The Argentinian government has taken the first steps in the launch of its own central bank digital currency (CBDC). A new decree identified the number 207/2022 gives new faculties to the Argentinian mint to involve in the investigation, development, and issuance of digital currencies. This puts Argentina on the trail of countries like Brazil and Mexico, that are already involved in the development of their e-currencies.
The government of Argentina is preparing the legal field for future issuance of its own central bank digital currency, the digital peso. In a decree approved and published on April 26 with the number 207/2022, the Argentinian government modified the functions and faculties of the national mint, giving it new responsibilities and possibilities.
In these new faculties, the decree includes capture and digital processing of data, images, codes, sounds, and microchips, software design and development, implementation of digital security, teleprocessing of information, printing, and/or recording of databases.
While the national mint just had the faculties to print national currency, the new decree justifies this change by stating that:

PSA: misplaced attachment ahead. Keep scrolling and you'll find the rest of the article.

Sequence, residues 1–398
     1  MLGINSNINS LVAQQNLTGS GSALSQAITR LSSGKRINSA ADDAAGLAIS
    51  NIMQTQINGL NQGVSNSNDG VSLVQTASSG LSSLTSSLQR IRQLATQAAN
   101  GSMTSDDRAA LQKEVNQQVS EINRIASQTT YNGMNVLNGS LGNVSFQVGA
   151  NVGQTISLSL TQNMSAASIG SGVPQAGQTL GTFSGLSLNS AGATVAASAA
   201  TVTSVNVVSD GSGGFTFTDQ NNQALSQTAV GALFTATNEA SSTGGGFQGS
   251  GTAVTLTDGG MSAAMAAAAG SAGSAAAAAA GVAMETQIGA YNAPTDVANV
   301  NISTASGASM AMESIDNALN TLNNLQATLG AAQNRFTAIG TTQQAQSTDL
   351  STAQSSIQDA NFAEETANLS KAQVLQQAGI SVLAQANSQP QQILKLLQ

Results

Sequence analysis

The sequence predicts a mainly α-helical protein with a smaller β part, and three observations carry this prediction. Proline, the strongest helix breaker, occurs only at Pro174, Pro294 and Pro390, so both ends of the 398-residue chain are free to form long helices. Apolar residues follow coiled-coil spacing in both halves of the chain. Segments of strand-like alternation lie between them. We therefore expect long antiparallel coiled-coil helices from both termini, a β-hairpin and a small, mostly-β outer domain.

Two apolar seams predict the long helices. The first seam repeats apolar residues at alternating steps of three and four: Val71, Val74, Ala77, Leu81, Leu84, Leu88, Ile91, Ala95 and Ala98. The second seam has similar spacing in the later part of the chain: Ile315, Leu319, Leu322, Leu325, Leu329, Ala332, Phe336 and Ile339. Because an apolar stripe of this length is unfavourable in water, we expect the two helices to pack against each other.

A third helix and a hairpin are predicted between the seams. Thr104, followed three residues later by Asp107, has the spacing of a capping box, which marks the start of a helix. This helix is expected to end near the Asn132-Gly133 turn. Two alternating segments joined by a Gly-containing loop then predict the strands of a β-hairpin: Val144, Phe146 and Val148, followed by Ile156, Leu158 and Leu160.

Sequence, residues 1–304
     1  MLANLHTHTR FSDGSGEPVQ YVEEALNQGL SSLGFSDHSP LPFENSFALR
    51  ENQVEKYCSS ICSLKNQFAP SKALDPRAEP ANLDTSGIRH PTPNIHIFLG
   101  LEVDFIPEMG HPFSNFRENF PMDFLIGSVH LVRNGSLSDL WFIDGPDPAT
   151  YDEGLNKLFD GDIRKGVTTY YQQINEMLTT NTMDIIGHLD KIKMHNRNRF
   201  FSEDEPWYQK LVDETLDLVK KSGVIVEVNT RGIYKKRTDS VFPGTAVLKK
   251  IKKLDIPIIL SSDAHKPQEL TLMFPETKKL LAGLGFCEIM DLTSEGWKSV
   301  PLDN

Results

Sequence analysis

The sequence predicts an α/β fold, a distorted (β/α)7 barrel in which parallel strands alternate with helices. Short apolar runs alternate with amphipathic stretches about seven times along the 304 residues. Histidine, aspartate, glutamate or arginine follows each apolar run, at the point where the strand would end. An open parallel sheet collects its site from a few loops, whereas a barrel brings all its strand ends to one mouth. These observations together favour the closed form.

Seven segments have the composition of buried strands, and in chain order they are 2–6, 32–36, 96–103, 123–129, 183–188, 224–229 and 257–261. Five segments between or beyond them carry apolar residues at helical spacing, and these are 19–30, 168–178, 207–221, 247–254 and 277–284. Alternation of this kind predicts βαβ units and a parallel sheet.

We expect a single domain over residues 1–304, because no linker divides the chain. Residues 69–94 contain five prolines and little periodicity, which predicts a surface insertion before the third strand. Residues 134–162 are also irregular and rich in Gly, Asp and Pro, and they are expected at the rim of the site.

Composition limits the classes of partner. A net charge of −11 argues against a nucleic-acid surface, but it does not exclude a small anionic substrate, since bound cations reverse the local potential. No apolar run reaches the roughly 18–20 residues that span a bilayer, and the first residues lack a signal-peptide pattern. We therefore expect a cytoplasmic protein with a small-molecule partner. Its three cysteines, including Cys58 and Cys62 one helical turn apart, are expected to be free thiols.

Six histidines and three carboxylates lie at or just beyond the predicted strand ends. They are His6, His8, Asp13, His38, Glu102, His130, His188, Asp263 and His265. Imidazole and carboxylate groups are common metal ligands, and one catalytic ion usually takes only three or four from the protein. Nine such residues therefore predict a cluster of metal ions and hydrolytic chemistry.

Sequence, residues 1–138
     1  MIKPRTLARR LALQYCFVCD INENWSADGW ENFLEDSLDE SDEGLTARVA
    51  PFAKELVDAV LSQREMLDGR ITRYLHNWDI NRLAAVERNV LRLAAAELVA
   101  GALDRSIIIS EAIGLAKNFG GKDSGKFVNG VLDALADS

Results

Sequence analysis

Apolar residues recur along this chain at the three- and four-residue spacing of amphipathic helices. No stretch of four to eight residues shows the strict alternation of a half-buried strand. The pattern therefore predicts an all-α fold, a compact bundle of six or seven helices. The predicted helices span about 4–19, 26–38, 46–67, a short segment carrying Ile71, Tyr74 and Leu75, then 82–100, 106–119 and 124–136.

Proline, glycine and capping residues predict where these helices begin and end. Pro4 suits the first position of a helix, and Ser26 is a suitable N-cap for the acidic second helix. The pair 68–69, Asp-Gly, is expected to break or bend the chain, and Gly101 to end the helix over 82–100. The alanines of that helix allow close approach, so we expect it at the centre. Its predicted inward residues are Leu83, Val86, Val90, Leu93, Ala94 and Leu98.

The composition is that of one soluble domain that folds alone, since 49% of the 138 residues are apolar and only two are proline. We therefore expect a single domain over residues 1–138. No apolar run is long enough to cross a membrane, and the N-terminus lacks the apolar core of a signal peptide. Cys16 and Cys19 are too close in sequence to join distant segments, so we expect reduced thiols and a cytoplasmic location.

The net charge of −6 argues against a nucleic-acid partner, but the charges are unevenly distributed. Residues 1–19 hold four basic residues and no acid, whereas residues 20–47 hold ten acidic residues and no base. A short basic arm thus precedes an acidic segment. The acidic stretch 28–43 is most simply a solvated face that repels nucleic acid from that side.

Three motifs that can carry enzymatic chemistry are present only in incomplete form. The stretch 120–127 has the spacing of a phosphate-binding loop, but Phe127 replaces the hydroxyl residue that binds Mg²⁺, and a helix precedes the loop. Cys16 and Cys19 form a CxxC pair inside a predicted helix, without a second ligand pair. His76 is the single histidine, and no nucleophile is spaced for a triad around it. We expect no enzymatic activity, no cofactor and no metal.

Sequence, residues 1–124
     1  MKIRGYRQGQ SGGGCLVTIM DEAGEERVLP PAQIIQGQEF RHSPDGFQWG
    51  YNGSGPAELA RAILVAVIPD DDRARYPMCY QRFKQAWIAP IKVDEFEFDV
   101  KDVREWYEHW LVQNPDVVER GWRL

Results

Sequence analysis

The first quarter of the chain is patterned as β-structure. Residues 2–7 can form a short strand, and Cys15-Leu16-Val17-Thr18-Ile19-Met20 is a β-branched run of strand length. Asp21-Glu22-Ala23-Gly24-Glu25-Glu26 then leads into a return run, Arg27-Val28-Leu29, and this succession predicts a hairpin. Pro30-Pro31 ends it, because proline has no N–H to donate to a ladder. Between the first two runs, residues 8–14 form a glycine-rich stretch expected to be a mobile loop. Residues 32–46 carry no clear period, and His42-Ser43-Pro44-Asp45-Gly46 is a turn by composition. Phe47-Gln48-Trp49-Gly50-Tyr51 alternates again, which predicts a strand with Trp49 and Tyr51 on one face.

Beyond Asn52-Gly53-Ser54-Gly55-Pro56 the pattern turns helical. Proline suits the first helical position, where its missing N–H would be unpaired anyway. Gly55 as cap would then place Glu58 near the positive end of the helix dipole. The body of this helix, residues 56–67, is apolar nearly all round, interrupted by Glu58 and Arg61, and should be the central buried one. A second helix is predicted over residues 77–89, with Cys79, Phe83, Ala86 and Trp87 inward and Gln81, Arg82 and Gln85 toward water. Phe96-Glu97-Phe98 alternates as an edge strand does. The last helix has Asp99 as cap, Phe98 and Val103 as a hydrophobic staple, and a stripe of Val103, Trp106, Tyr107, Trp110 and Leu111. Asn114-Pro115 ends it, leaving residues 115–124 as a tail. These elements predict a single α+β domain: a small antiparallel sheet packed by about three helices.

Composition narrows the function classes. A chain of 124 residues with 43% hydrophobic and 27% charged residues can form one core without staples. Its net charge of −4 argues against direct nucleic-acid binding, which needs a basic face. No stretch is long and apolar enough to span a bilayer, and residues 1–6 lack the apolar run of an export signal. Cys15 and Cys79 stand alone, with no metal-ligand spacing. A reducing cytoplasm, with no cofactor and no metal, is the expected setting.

Currently, the advancement of digital environments in terms of transactions and payments… artificial intelligence and digital governance systems, as well as the emergence and proliferation of “blockchain” technology, cryptographic technologies and assets justify the update of the reach of the national mint.
To Rosendo Gravanago, legal counselor in the crypto asset area, this is a clear move in the direction of issuing a CBDC. He stated:
This gives us the pattern that Argentina is trying to get into the CBDC trend, a trend that has been adopting centralized electronic fiduciary money.
Also, there are other modifications to the original purpose of the organization which hints at the future establishment of a national exchange with payment processing possibilities. In this sense, the decree allows the national mint to manage and execute payments and/or collections on behalf of third parties through the use of electronic devices, transactional platforms, or any other means.
Gravanago declared to local media that:
With this regulation, the national mint is empowered to create a kind of central exchange.
These changes put Argentina in the CBDC panorama in Latam, trailing behind countries like Brazil and Mexico that are already engaged in research and development tasks related to the future issuance of their digital currencies.
What do you think about the sets that the Argentinian government is taking towards the possible issuance of a digital peso?